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John Guzlowski

John’s primary subject is the experience of his parents before, during, and after the Second World War. Both were taken into Nazi Germany as slave laborers. His father was captured in 1940 outside of Poznan, Poland. His mother was captured near her home west of Lvov, Poland, and transported in 1942. They worked in concentration camps and the associated factories and farms until the end of the war. Afterwards, they lived in refugee camps in Germany until 1951 when they came to the United States with their two children as Displaced Persons (DP’s).

“My poems give my parents and their experiences a voice. They had very little education. My father never went to school and could barely write his name. My mother had two years of formal education. I felt that I had to tell the stories they would have written if they could. For the last twenty-five years I have been writing poems about their lives, and I sometimes think that I am not only writing about their lives, but also about the lives of all those forgotten–voiceless refugees, DP’s, and survivors that the last century produced. These are the sorts of poems that I write and that I have published in Language of Mules.

“In terms of my treatment of their lives, I’ve tried to use language free of emotions. When my parents told me many of the stories that became my poems, they spoke in plain, straightforward language. They didn’t try to emphasize the emotional aspect of their experience; rather, they told their stories in a matter-of-fact way. This happened, they’d say, and then this happened: The soldier kicked her, and then he shot her, and we moved on to the next room. I’ve also tried to make the poems story-like, strong in narrative drive to convey the way they were first told to me.”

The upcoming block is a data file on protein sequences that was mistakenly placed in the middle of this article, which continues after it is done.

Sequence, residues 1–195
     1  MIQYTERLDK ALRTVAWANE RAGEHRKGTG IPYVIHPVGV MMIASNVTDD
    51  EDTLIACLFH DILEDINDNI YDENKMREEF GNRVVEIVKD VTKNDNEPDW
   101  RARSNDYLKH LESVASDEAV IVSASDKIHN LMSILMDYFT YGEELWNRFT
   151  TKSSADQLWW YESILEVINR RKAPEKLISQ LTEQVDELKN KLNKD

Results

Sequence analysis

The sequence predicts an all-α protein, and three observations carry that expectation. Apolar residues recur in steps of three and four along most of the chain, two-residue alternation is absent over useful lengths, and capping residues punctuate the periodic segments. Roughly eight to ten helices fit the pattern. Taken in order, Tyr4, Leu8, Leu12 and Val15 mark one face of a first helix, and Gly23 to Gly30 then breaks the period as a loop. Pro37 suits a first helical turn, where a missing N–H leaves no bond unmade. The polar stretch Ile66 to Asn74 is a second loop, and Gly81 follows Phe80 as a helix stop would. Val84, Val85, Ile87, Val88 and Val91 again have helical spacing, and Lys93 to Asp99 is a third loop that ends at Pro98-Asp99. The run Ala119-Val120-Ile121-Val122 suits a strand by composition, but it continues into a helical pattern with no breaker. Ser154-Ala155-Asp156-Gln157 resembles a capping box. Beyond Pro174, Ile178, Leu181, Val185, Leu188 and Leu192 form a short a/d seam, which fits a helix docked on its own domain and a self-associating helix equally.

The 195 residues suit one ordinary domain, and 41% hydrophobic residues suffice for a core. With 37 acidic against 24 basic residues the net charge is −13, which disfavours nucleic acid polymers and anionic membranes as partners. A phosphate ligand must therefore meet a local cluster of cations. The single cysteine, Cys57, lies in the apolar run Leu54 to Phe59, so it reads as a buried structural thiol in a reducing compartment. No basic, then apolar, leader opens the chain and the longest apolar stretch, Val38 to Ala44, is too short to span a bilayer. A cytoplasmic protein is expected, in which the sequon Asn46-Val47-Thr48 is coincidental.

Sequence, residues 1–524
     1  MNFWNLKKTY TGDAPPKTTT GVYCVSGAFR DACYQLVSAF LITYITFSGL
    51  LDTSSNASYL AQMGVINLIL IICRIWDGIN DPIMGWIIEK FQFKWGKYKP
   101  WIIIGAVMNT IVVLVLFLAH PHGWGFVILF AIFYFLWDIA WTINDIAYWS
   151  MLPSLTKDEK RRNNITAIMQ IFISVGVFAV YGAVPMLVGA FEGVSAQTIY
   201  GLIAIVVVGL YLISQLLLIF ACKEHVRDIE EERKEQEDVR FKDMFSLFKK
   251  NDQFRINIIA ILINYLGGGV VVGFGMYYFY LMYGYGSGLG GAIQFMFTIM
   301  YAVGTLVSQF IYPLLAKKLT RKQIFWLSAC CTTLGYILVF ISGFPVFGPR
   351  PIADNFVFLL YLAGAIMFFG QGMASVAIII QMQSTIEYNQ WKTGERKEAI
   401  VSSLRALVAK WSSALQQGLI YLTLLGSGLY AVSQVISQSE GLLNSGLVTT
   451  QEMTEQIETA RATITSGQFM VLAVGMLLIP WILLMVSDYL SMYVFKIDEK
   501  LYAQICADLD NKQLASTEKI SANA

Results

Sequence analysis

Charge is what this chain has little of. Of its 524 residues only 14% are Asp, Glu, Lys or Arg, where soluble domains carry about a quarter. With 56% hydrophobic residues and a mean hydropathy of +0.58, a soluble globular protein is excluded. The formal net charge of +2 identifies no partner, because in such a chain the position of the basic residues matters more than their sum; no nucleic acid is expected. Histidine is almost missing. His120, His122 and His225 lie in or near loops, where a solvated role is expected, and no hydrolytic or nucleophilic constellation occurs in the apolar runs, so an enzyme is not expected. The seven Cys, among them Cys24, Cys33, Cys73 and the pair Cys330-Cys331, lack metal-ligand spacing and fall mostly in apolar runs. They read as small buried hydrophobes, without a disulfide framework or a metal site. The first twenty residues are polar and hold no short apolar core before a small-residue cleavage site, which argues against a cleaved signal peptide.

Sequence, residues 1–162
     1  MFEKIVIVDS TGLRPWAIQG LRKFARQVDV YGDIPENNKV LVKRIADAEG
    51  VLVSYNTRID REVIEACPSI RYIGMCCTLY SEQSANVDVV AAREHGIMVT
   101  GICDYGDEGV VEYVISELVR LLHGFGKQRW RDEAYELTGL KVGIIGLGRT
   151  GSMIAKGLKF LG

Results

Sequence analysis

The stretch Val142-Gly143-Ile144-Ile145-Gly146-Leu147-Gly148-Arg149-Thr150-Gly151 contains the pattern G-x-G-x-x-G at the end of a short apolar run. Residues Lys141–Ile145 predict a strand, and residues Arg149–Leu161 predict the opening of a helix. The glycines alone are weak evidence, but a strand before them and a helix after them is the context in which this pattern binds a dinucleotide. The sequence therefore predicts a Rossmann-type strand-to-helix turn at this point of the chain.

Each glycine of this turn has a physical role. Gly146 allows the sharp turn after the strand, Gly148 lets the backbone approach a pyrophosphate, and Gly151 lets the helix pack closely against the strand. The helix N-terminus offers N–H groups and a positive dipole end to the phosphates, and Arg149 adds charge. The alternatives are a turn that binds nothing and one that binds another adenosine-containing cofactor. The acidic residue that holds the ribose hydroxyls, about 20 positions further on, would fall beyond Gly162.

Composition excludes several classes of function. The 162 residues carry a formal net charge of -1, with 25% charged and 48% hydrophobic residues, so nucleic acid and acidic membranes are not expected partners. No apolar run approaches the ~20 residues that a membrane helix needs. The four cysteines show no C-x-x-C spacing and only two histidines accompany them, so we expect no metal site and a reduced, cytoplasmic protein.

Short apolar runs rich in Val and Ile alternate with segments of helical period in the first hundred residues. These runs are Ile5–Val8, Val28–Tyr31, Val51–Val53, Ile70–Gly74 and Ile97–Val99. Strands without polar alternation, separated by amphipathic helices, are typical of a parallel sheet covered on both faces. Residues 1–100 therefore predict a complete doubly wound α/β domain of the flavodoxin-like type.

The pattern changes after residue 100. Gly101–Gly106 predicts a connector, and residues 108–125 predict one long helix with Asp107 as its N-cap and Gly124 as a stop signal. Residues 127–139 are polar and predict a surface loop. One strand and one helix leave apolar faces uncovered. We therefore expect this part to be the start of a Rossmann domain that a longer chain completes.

The title Language of Mules comes from something John's father used to say about the Nazis, that they treated the slave laborers and concentration camp inmates as if they spoke the language of mules and not the language of people.

From the Language of Mules:

Cattle Train to Magdeburg

My Father’s Teeth

His Mother Asks Him to Forget the War

How Early Fall Came This Year

Caesarian

What the War Taught My Mother



A Story My Father Told

Donna



The photo of young John on the book cover was taken in 1951
when he was inoculated to emigrate to the United States.
The family photo above, with John’s parents, his sister
and her children, was taken in Chicago in 1979.

All material ©1999, 2001 John Guzlowski.
Reprinted with permission of the author.

Other books by John:
Third Winter of War, from  Finishing Line Press
Lightning and Ashes from Steel Toe Books

John's Lightning and Ashes blog

John Guzlowski can be reached at
jzguzlowski[AT]gmail.com (replace [AT] with @).

Readers interested in the DP experiences John Guzlowski writes about
can find more information at the Polish Diaspora website.

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